You talk a lot about self-awareness in the book, and I love and agree with what you said, which is the first step to knowing who you are is knowing who you’re not. How did you use the process of elimination to discover yourself and choose the right career path?
I always thought I was going to be a lawyer. I went to the University of Texas with the idea that I’m going to go become a defense attorney. And it was around sophomore year, coming around exam time. I hadn’t really been sleeping well with the idea of becoming a lawyer — the idea that I needed a couple more years to graduate, then I need to go to law school and need to find a job, that I wouldn’t be able to put an imprint in the world and execute something until I was in my 30s, basically.
I don’t want to have this whole decade be preparation. And I had been writing at the time, these diaries and short stories. I had shared them with a friend of mine who gave me validation that, hey, these are creative and good.
It was also a friend who was saying, “You know what, man, you might want to try and get in front of the camera. You got good character. You have the confidence to be yourself in front of the camera, maybe try that out too.”
And I’m like, ah, nah, nah, nah, I wouldn’t do that. You know, too much of an avant-garde idea in my mind. Well, around that time … moving into junior year where you better be specific about what credits you’re taking, because now you could waste some if you want to change your career path or your major — I decided I wanted to go to film school. I got the confidence to say that I wanted to go to film school. Now it was about calling my dad and telling him that, which was a very nerve-racking thing.
I thought he was going to go, “You want to do what, boy? That’s not a real job.” I was raised that you work your way up the company ladder. That’s what my dad did. That’s what he knew. And here I am, his son, going to be calling the man who’s paying for my education to say, “I want to go into the arts.” I did not think it was going to go well.
So I call him and he says, “Hey, buddy, what’s going on?” I said, “Pop, I need to talk to you about something.” He said, “Sure, what?” I said, “Well, I don’t want to go to law school anymore. I want to go to film school.”
There was a pause on the other line.
He goes, “Are you sure that’s what you want to do?” And I said, “Yes, sir.”
There was another pause. And then I heard these three words that just not only gave me approval, gave me a shot in the backside and just catapulted me aboard. And the three words were this, “Don’t half-ass it.” And I was like, oh. I remember just going into tears that my father gave me that power. He gave me more than privilege. He gave me freedom to go after it.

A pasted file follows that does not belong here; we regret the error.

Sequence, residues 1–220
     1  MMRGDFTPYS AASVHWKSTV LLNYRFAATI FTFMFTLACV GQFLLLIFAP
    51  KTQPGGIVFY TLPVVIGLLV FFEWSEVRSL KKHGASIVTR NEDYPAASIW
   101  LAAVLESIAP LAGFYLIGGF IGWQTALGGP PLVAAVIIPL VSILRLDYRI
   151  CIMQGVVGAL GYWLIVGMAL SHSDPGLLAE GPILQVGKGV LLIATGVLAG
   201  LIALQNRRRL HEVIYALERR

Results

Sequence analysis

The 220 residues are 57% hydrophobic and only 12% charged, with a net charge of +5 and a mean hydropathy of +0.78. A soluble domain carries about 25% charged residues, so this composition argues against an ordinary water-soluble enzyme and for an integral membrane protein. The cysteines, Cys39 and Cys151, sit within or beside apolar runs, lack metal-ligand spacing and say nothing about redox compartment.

People around the world are suffering from stress, anxiety, and depression right now, especially during COVID. You mentioned prescribes in the book. What prescribes do you have to help others manage difficult situations and improve their mental health right now?
Let’s … not waste 30% of our energy on anticipation anxiety, like when we sit there and go, “Oh, maybe tomorrow COVID is over. Maybe tomorrow things will be back to normal.”
And we wake up tomorrow morning and it’s not. But then tomorrow night we go to bed going, “Maybe tomorrow night.” And we will wake up the next morning and it’s not.
If you do that, these little peaks and valleys, you’re wasting about 30% of your energy and anticipation that maybe tomorrow things will be better, and it’ll all be over. No, I actually prescribe going the other way. Start trying to think that we’re doing this for the next three years, five years, 10 years, or for life. Now, that doesn’t mean you go into doomsday.
What it does mean is … your survival mechanisms come up and you start to reserve your energy for the long haul. The turtle will beat the hare, and you’re in it. And you’re navigating the day and things don’t stress you out as much because you’re not as twitchy on this. You’re able to get more rest.
I’m in it for the long haul.
And then what’ll probably happen is we’ll open up back again. We’ll turn the page as a society in the world and reengage in a capacity, and we’ll go, oh, we’re ready now? I was ready to go for another five years. I was ready to go for another 10 years. And it’ll be a gift when it comes back to us.
I know you don’t consider yourself a preacher and this is not supposed to be an advice book, but what is your best piece of career advice?
Don’t act like one, be one, whatever it is you’re doing.
If I have an overstated reverence for you, I can’t be involved in this conversation, not totally. I can connect the dots and say the things kind of what I meant, but I’m not really involved in it. So in our jobs, don’t go play the part. If you’re fortunate enough to do something that you have an innate ability to do, and you’re willing to hustle and work for it, go be one, whatever that job is. Don’t sit on the sidelines. Don’t act like one; be one.